The struggle and honor of being a first-generation student

The struggle and honor of being a first-generation student

The struggle and honor of being a first-generation student
September 27
14:47 2017

Being a first-generation college student can be a bittersweet experience, especially if you are your parents’ only child. A student can feel as if this large responsibility is placed upon you all at once.

The feeling of honor at being the first from your family to go to college can quickly be overshadowed by the notion of not feeling prepared for the experience. At times it can feel like you are the trailblazer for your family. Everybody is looking to you to fulfill something that has not been done yet and is something to be proud of.

Then you become blind-sided and hit hard when you are finally dropped into the college experience. Applying for financial aid, scholarships and all that comes with registering for college can be overwhelming. It can be tough even with support from family who have done so before.

In cases of not being supported by family at all, a student can especially feel lost. Integrative studies senior Kendra Eakles has overcome this obstacle.

“My mother and stepfather didn’t value education like I do,” Eakles said.  “They didn’t try helping me even get financial aid. My main memory was the first time I tried to fill out college applications, my parents were clueless, so I relied a lot on teachers in high school.”

Filling out financial aid for parents who have never done it before led to roadblocks for Eakles.

“It was so hard,” Eakles said. “My mother refused to put her information in fear that it’d reflect badly on her credit. My stepfather refused as well. I was completely alone in trying to figure out how to get student loans and grants. It’s difficult trying to educate your parents about the importance of these things.”

It can feel like everybody else gets something that you do not because there is so much you have not been prepared for up until this point. That causes a lot of self-doubt, which can translate into your academics and overall experience. Eakles often felt alone. She was perceived as anti-social and had to force herself to open to others.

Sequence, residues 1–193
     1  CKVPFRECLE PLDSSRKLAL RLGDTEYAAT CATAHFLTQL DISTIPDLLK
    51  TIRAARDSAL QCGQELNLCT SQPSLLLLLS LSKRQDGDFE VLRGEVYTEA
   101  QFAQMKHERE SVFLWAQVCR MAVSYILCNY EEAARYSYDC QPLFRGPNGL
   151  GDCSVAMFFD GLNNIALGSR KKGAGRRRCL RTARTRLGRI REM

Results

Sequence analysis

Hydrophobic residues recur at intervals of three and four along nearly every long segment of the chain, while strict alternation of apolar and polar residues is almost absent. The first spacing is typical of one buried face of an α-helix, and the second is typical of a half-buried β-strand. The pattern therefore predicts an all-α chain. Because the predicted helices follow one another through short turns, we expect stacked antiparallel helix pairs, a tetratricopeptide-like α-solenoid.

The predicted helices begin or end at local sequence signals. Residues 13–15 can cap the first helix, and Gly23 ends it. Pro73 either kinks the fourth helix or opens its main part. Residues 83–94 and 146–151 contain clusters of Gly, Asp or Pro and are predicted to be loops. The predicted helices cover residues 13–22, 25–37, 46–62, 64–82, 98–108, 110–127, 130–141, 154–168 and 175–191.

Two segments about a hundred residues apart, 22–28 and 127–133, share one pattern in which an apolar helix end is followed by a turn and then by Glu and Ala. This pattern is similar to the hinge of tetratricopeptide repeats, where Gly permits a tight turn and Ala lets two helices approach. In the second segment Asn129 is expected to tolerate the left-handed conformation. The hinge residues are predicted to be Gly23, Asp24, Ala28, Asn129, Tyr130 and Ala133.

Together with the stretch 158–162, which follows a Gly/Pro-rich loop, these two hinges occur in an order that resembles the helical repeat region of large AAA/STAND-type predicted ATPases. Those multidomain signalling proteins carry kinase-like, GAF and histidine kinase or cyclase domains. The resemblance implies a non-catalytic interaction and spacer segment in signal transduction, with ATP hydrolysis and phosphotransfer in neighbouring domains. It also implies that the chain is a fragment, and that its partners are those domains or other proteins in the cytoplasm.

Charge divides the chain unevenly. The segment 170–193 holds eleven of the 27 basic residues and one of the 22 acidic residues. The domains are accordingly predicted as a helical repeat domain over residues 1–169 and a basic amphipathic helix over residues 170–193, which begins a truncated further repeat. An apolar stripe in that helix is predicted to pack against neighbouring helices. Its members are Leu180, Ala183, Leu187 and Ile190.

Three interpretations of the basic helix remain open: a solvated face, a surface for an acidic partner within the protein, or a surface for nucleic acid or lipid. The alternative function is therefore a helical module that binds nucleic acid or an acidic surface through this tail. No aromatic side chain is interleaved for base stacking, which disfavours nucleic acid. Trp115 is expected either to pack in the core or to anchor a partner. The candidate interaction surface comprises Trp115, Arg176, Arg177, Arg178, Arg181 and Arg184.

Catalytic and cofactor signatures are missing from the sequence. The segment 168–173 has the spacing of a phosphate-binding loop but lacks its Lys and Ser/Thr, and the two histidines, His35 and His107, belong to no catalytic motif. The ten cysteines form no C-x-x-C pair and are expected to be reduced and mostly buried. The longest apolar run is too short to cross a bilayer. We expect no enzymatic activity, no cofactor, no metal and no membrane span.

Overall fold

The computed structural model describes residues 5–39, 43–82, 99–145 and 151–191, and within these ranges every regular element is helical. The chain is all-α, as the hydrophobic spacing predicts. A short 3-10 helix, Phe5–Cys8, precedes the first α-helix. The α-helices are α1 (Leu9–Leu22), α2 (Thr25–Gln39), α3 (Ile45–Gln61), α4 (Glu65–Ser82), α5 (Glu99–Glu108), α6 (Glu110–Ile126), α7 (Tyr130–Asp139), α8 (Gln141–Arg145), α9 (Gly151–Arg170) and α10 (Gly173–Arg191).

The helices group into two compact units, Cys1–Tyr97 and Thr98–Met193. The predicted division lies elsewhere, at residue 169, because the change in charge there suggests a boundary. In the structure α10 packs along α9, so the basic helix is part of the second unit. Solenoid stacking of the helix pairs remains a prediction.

A lot of students in these circumstances can miss out on the social aspect of networking or knowing where to go to ask for help. UNT has a lot of resources to help students adjust and become well equipped.

The Division of Student Affairs has a list for first-generation college students to utilize. It offers tips on how to navigate through the struggles they often face.

Business sophomore Brooke Roberson is a transfer student. Roberson came to Denton after her freshman year at Louisiana State University.

“When I finally got to college, I was completely overwhelmed with just how much books cost, how much food was and the entire cost of school,” Roberson said. “My mom couldn’t be of any help to me, so I ended up leaving after only a month at LSU.”

Roberson said she was not prepared financially when she started because nobody told her. She assumed college would be something similar to high school.

Now she is a lot more equipped because of the experience and feels that, when she has children, she would be better able to navigate them through the process. College has changed drastically since most students’ parents attended, and most students’ parents may have not even had to attend college.

This can lead to a blind leading the blind situation and gives people a false sense of what college is. College is more than the financial aspect. It is the academics, the living situations and the connections with others as well.

Having the knowledge of the process to get to college and access to the resources to help combat those difficulties should be a top priority for universities in helping students know what they have to do. UNT is doing its part.

Featured illustration by Max Raign

About Author

Jade Jackson

Jade Jackson

Senior Journalism Major

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